Region 1 Director, Chris McClune (WRHX800)

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I started radio communications as a child, with a handheld Realistic (Radio Shack) 40 channel CB Radio. Throughout the years, I have continued to appreciate the value of RF communication, as I have been serving the Fire Service in Niagara County since 1994. I have served my community as a Fire Chief for almost 25 of those years.  I have been involved with all aspects of public safety, from fire, EMS and auxiliary Police over the years.   GMRS is expanding greatly throughout NY State, and I want to be a part of that.  I have enjoyed meeting people from the NYS GMRS Alliance radio club, and learned a great deal of how things work, and what limitations are upon us, such as geography, topography, and types of radios being used for this hobby. I also own and operate my own small GMRS repeater in Lockport, NY (Halligan 600).   I have 2 daughters and a girlfriend that are awesome, and enjoy camping during the summer months with them. I am considering getting my HAM license sometime in the future.

Region 2 Director, Todd Dobson  (WRDN973)

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My wife and I reside in Brockport and are the proud parents of three sons. I have been into radios since the early 80s with CB radios, marine radio telephone, two years with GMRS and dabbled with FRS for quite some time. Two-way radio is now part of my everyday life and I enjoy listening to and talking with all the other stations.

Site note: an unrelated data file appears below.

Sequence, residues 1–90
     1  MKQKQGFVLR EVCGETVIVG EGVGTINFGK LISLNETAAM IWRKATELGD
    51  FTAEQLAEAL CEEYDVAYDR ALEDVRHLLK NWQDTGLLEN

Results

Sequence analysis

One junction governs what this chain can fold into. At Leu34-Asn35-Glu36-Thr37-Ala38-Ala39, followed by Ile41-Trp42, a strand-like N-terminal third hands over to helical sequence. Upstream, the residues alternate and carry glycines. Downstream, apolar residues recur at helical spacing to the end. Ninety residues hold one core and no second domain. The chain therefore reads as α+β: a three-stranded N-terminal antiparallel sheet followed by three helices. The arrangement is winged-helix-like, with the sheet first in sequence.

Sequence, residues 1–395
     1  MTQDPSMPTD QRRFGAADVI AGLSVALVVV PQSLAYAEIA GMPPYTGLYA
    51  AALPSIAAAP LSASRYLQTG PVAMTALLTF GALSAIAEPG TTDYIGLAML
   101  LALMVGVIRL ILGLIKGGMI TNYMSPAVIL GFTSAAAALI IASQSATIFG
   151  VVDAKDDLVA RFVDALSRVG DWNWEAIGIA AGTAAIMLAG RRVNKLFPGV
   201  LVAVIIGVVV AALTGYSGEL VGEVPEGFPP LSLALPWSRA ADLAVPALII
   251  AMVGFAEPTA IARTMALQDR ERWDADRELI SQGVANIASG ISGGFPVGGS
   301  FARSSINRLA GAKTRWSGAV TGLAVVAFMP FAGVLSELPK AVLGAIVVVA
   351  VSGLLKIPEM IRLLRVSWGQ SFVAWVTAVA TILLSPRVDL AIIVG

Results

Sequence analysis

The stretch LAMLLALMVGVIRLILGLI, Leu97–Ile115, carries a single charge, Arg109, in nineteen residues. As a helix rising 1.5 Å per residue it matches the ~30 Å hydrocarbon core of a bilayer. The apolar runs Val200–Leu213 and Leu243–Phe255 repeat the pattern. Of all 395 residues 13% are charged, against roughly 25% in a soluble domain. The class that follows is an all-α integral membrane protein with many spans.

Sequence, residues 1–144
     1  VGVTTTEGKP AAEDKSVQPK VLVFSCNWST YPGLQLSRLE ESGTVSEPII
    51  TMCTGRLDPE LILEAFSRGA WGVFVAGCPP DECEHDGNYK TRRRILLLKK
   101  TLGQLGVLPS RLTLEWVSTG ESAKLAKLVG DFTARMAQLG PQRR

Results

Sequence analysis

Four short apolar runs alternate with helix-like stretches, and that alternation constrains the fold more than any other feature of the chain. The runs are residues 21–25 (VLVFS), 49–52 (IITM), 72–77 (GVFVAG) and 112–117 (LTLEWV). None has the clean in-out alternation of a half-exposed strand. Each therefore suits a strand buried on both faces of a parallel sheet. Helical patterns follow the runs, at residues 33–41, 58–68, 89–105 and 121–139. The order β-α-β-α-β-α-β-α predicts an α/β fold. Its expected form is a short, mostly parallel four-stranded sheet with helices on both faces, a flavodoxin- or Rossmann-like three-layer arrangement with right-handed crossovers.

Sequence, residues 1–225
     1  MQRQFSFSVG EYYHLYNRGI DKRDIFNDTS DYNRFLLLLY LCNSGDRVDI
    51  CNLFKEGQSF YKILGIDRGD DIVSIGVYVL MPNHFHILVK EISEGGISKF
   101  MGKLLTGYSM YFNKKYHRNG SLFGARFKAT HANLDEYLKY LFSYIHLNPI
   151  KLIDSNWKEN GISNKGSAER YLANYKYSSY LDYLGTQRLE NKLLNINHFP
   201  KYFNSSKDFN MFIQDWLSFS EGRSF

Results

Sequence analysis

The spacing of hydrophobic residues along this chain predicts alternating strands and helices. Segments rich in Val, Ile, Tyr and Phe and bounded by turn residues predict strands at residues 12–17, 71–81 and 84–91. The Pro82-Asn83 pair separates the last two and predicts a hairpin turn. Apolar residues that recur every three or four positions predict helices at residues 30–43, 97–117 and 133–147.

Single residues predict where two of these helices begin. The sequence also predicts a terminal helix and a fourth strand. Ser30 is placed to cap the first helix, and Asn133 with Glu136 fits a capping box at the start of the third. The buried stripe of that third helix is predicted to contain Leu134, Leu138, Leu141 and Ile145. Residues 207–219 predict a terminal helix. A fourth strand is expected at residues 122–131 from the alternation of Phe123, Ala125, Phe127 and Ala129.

Region 3 Director, vacant


Region 9 Director, Mark Ryan  (WRMS758)

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I was Born and raised in Buffalo NY. I currently live with my wife and 5 kids in The Town of Evan/Angola NY. I got into radio when I was in 5th grade when a friend and I would play animal rescue and find stray cats and hurt birds. They were those telescopic antennas that if you look at them wrong they’d fold over and break. Of course there has to be a better antenna… well one thing lead to another and I was always upgrading my radios from the small FRS to CB base stations. When I was about 13 years old I installed a K40 antenna on my bicycle and in my backpack I had a lawn tractor battery and a 150 watt linear amp connected to a Cherokee AH-27 hand held CB and rode to the top of the Grand Island bridge where I’d shoot skip. Of course nobody believed that I was on a bike with an HT. 

Senior year in high school I started working at an amateur radio dealer. This dealer also did some commercial radio on the side for public safety agencies. After the cellphone boom, radios went out and I got laid off. I started working for Sprint PCS who was “building the first digital network from the ground up”. In the early 2000’s I got laid off and went into broadcast engineering after Entercom bought 6 radio stations and wanted them all moved into the same building. That put a whole new spin on radio for me because of all this added audio processing equipment that goes into it plus I got to work on a 110,000 watt transmitter. After getting laid off again, I fell back into the mechanic field. 

I currently employed as a diesel mechanic in Buffalo where I do radios, cameras and other repairs.